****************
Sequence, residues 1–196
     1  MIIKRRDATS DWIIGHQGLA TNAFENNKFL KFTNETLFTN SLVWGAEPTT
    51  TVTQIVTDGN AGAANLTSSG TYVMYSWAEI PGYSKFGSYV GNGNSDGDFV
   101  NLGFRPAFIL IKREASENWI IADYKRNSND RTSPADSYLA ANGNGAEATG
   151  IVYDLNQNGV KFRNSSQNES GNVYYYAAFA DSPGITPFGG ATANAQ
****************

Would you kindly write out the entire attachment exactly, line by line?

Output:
Sequence, residues 1–196
     1  MIIKRRDATS DWIIGHQGLA TNAFENNKFL KFTNETLFTN SLVWGAEPTT
    51  TVTQIVTDGN AGAANLTSSG TYVMYSWAEI PGYSKFGSYV GNGNSDGDFV
   101  NLGFRPAFIL IKREASENWI IADYKRNSND RTSPADSYLA ANGNGAEATG
   151  IVYDLNQNGV KFRNSSQNES GNVYYYAAFA DSPGITPFGG ATANAQ